During the last offseason, The Bird Writes explored a bevy of trade scenarios involving Anthony Davis. With news that Jrue Holiday is seemingly more available on the market than ever, it’s time to repeat the exercise for the New Orleans favorite.
Make no mistake, it brings no joy to scour the league for potential Holiday landing spots. He’s the ultimate class act who has dedicated countless hours of making the Pelicans a better team these past seven seasons while also throwing his full support behind the New Orleans community.
In short: it’s going to really, really suck having to say goodbye one day.
While there’s a chance that Holiday and management can come to terms on an extension, the likelihood seems small. Reading the tea leaves and understanding NBA economics, it feels that he and the Pelicans are going to go their separate ways sometime before the next trade deadline. However, if there’s one satisfying side to the possible divorce, it’s that both parties will be better off in the long run for it — Jrue can seek greener pastures while New Orleans adds a vital third piece that can grow with the Zion Williamson/Brandon Ingram core.
Tyler Herro, obviously, is the target; however, I believe the pot must be sweetened significantly beyond a simple package of Kelly Olynyk (once he accepts his player option) and he for Holiday.
Holiday could opt out of his contract after the upcoming season. Herro will be under club control at a great price for several years. Furthermore, Pat Riley made his excitement known immediately after the Heat drafted Herro, and following the games in the bubble, one has to think the guard out of Kentucky might be close to, if not completely, untouchable.
The only thing that gives any hope to the alternative is the fact that Miami came within two games of beating the Los Angeles Lakers in the NBA Finals. Holiday makes that unit a better team instead of Herro right this second. This fact likely won’t hold true 2-3 years from now — or perhaps even less, but for a fire-breathing competitor like Riley, who must surround a 31-year-old Jimmy Butler with players most ready to help the cause now, a Holiday-Hero swap has to at least be entertained.
Seriously, how much can you continue to rely on a 34-year-old Goran Dragic (if he’s re-signed) who has missed a lot of time to injury the last few seasons?
Assuming the Pelicans’ front office is high on Herro, they should propose flipping 2020 first round picks with Miami. Thus, the offer becomes the 20th overall pick + Herro + Olynyk for Holiday + the 13th overall pick. If Riley still balks, David Griffin could consider adding another asset to the mix, say one of New Orleans second round picks, Nicolo Melli, or gulp, Josh Hart.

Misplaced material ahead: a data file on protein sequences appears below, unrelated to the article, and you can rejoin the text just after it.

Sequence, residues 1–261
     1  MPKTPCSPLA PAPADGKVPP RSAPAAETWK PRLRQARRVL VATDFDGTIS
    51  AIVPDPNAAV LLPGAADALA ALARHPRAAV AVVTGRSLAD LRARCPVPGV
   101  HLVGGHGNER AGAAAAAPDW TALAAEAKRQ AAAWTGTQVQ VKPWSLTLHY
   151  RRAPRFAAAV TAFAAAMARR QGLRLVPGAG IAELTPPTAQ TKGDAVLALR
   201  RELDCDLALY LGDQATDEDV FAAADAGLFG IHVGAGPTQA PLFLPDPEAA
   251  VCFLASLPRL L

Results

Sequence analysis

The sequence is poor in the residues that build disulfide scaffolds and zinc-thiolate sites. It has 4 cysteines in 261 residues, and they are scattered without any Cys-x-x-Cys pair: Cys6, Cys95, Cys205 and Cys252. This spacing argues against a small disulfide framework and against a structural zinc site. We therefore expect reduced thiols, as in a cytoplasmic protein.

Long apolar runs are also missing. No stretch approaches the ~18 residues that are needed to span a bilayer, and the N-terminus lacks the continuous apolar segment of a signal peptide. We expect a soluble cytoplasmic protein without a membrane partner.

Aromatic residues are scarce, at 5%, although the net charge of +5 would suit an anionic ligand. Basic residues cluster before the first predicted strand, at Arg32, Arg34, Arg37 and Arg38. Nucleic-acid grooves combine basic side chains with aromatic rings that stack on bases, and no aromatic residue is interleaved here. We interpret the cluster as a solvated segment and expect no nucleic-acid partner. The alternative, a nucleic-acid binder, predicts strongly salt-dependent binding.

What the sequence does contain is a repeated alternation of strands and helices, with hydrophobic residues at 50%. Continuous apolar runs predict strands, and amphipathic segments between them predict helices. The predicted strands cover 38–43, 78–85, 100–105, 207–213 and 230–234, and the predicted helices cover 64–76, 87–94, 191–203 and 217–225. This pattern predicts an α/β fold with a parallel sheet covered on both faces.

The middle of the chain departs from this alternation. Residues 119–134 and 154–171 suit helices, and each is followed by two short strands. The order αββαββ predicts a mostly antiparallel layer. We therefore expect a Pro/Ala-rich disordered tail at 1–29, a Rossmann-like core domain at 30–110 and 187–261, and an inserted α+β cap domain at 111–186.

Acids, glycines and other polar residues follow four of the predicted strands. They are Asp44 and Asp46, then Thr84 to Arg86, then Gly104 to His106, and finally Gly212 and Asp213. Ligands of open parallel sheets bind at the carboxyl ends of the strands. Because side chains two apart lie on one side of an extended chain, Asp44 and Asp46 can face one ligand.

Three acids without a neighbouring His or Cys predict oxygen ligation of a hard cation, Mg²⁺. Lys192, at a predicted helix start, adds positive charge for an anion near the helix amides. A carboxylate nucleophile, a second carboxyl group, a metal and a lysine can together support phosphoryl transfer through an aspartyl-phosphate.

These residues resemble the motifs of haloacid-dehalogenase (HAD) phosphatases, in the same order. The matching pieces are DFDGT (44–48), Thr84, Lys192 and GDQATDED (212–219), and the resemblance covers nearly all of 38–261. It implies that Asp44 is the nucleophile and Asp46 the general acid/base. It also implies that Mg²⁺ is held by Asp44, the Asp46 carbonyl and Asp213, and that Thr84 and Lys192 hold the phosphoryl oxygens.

Yes, that would become an agonizing price tag, but if New Orleans’ front office has an unwavering belief in a Herro-Ingram-Zion core, that looks to be the steep cost of doing business with Miami.
The Warriors are another team that has plenty of interest in adding a good player in his prime to a fantastic core. In the ever-loaded Western Conference, a move like this could get them over the hump.
The deal: Andrew Wiggins + the second overall pick in the 2020 NBA Draft for Jrue Holiday.
Wiggins appeared in only 12 games with Golden State, but it’s difficult to imagine an inefficient volume scorer is the right guy to keep next to Steph, Klay and Draymond. Wiggins’ defense, while hinting improvement, isn’t close to Holiday’s level yet. Moreover, Jrue is more willing to take a backseat on offense.
While a Wiggins for Holiday flip would force Thompson to slide over to small forward, the Warriors, who are projected to be in the luxury tax next season, would save some coin in the deal. Perhaps this would incentivize them a little more to make use of a $17.2 million trade exception to bring in further reinforcements.
The crux of a Holiday-Wiggins deal boils down to just how much the Pelicans value the second pick in the 2020 Draft. There are no obvious superstars waiting to spring from this group. So, New Orleans must be higher than most on someone near the top of this draft in order to agree paying Wiggins an exorbitant amount of money for the remaining three years of his contract.
In the event Griffin wants to push the trigger but Golden State needs a little extra incentive, New Orleans could send a pick back to the Warriors, perhaps as high as their own first rounder.
Catch all the details of these proposals plus variations of them and other trade deals we’ve devised concerning the Heat and Warriors on our latest podcast featuring Kevin Barrios, David Fisher, David Grubb and myself!